Set in the 1300’s in England, this is a story of witchcraft.
It’s filled with a cast of characters: there’s a wool merchant, his wife, two sons, and their two servants. There’s a wealthy widow and her adult son and young daughter, and their servant. There’s a boatman and his wife and children. And there’s a ghost, and his pet ferret, popping in to the story here and there to give his opinion of events.
When the wool merchant’s wife falls sick, it’s the widow who steps in to nurse her. Though the servant suspects foul play, everyone else has only praise for the selflessness of the widow. No one bats an eyelid when, only a few short weeks later, the wool merchant announces he is to marry the widow. Only the merchant’s sons speak up about it, and when the oldest one turns up dead shortly thereafter it’s believed he’s been murdered by theives who’ve been stealing from the family business.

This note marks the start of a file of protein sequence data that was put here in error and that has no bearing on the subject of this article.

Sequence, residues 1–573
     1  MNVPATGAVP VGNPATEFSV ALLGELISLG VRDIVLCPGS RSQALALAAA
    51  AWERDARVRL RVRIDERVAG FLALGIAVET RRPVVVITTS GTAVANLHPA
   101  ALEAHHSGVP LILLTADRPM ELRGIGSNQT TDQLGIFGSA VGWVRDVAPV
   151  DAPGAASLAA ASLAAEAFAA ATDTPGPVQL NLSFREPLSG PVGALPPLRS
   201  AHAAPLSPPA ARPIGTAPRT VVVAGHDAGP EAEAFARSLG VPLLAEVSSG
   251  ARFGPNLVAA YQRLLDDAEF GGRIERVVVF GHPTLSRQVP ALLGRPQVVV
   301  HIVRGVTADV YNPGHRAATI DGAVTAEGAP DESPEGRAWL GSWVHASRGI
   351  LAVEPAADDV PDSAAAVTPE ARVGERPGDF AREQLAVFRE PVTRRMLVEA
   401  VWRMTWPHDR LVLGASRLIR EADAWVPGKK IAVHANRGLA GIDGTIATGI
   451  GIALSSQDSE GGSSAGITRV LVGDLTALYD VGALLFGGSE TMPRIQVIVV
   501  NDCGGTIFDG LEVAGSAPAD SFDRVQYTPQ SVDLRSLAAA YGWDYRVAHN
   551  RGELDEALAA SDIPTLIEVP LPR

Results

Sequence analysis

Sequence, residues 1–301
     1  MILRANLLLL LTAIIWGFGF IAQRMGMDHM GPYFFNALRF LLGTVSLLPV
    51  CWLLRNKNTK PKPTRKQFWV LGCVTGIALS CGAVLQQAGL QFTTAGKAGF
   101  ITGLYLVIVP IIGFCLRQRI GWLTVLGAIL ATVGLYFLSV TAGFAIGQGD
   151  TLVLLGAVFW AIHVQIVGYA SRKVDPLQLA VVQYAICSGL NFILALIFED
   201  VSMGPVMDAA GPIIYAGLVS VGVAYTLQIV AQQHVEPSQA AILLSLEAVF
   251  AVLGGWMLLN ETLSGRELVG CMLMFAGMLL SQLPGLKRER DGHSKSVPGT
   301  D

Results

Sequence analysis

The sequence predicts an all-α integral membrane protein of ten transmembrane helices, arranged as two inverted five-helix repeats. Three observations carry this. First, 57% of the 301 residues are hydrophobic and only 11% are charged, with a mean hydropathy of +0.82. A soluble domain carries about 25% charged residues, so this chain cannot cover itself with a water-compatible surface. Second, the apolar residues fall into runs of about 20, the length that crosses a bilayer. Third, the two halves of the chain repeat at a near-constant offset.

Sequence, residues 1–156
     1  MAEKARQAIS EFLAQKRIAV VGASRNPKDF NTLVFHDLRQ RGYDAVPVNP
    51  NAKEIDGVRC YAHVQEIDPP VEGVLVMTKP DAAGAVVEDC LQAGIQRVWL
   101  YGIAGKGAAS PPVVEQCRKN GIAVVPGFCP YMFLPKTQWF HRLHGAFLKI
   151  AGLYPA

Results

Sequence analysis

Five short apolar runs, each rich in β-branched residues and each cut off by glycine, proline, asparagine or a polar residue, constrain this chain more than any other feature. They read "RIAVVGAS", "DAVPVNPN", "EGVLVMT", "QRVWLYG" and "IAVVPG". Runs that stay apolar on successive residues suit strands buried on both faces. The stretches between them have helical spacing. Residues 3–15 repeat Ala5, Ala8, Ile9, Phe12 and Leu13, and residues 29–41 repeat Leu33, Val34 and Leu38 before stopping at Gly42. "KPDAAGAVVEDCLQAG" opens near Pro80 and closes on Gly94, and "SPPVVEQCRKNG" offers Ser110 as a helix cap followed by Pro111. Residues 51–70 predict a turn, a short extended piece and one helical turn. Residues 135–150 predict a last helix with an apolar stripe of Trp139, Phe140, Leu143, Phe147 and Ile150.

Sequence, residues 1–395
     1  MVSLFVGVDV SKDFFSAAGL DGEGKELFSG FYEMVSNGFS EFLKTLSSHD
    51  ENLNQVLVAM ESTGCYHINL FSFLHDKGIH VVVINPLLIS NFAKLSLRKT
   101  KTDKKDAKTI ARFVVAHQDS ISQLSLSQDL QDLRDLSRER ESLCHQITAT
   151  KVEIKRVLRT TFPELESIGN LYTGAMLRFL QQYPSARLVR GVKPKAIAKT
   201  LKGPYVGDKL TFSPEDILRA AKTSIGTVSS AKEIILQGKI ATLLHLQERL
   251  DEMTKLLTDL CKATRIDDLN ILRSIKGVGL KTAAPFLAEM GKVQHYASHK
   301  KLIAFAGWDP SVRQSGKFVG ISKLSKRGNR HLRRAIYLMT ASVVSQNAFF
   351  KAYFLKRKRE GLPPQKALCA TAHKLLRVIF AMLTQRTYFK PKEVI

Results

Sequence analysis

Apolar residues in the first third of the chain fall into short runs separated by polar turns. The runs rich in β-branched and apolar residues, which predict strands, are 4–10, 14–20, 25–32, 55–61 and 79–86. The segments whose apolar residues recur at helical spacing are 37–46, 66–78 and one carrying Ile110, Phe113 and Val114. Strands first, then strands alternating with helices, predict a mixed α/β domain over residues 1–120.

But the household’s ill luck doesn’t stop there. When the servant declares her suspicions of the new mistress of the house, she’s declared and mad and sent to live with the nuns who torture her with terrible ‘remedies’ supposed to cure madness – like a bath of ice, for example.
One thing after another goes wrong, and all the while it’s a mystery as to who is actually at fault – is it the widow, what about her daughter, who seems to know a little too well how to curse those who irritate her? And when it comes out that the widow’s servant is actually her mother… well, what was the purpose of that deception?